Appropriate antibiotic dosing in critically ill, infected, patients receiving continuous renal replacement therapy (CRRT) is crucial to improve patient outcomes. Severe sepsis and septic shock result in changes in pharmacokinetic parameters, including increased volume of distribution, hypoalbuminemia, and changes in renal and nonrenal clearances. The lack of CRRT standardization, nonrecognition of how CRRT variability affects antibiotic removal, fear of antibiotic toxicity, and limited drug dosing resources all contribute to suboptimal antibiotic therapy. Even when antibiotic CRRT pharmacokinetic studies are available, they are often based on old CRRT methodologies that do not exist in contemporary CRRT practice, resulting in unhelpful/inaccurate dosing recommendations. Application of these older doses in Monte Carlo simulation studies reveals that many of the recommended dosing regimens will never attain pharmacodynamic targets. In this review, using cefepime as an example, we illustrate whether clinicians are likely to achieve pharmacokinetic/pharmacodynamic targets when the recommended dosing regimens are prescribed in this patient population. We encourage clinicians to aggressively dose antibiotics with large loading dose and higher maintenance doses to reach the targets.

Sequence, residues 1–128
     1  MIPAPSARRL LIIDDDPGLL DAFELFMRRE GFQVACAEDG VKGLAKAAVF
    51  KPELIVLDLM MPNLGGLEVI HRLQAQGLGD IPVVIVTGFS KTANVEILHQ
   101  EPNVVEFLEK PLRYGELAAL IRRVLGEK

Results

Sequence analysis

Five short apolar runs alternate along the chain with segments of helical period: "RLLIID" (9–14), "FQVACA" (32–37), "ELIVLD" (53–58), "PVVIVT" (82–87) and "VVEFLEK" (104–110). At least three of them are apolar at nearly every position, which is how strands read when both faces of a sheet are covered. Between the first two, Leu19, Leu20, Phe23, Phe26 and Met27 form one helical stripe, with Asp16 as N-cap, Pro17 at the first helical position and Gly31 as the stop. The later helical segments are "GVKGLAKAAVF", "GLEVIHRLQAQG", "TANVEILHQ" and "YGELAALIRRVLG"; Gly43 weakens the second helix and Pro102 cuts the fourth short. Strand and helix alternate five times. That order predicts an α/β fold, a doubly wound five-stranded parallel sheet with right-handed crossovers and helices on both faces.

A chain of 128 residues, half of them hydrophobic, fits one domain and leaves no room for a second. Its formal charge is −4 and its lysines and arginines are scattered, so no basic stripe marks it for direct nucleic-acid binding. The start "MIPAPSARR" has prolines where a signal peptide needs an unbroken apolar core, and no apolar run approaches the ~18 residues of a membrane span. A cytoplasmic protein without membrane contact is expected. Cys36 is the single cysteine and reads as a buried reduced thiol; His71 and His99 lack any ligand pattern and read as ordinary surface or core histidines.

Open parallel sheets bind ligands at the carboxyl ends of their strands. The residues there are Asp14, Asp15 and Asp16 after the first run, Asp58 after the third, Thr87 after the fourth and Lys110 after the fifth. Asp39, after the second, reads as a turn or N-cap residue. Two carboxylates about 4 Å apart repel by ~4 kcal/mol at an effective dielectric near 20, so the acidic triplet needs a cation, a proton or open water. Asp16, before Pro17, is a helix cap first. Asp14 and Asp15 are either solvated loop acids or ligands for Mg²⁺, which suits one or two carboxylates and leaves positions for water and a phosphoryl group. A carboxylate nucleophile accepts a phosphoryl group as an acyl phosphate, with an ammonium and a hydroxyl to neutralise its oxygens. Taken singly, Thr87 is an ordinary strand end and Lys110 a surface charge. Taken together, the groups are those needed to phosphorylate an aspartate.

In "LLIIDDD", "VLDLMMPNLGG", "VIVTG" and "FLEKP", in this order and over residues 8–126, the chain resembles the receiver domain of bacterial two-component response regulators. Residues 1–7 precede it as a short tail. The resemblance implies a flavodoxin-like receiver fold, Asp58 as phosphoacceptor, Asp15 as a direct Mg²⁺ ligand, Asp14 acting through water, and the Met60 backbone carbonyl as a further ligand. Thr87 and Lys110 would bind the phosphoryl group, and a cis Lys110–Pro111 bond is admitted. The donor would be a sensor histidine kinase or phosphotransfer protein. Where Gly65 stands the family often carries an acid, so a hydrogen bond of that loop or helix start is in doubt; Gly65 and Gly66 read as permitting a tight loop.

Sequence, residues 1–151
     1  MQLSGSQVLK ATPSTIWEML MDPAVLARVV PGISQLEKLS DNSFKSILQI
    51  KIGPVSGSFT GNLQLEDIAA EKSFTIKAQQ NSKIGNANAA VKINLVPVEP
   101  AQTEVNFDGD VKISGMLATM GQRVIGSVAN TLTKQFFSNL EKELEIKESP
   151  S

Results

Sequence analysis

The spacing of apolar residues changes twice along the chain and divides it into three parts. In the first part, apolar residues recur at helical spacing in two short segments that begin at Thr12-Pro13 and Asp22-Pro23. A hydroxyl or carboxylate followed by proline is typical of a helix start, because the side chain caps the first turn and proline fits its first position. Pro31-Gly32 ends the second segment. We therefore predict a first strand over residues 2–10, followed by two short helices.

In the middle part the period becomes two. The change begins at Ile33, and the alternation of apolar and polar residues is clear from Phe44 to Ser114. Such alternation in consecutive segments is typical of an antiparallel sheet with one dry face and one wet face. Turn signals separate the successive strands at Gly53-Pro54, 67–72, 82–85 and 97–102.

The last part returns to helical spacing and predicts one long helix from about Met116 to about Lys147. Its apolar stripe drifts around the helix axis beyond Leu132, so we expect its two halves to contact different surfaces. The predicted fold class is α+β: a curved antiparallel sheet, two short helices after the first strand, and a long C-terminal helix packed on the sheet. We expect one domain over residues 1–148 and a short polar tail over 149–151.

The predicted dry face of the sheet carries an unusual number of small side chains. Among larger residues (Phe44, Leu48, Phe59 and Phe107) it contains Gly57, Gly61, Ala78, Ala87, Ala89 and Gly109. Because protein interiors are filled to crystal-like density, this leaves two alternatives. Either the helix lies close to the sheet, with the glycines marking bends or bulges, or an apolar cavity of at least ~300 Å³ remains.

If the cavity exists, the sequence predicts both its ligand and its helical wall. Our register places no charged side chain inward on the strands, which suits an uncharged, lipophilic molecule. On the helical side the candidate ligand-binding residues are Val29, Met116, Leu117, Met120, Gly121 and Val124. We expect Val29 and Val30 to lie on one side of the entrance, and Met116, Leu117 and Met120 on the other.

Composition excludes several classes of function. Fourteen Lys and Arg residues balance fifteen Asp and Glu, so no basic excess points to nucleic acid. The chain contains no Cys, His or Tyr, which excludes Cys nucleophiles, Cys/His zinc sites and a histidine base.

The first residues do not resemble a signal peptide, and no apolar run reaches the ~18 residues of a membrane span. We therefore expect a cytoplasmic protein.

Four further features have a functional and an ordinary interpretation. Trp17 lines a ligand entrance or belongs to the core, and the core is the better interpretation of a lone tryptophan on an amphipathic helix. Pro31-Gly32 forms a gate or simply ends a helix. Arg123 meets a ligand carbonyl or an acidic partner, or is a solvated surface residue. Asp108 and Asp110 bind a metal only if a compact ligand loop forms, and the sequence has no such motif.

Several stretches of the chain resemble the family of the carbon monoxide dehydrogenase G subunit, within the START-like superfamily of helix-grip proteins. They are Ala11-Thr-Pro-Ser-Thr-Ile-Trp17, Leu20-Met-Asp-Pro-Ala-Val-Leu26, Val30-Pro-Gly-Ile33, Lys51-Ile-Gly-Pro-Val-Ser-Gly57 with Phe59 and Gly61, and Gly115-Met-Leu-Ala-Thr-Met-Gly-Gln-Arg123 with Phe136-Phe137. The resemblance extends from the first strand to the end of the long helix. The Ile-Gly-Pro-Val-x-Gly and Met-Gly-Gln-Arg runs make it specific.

© 2016 Wiley Periodicals, Inc.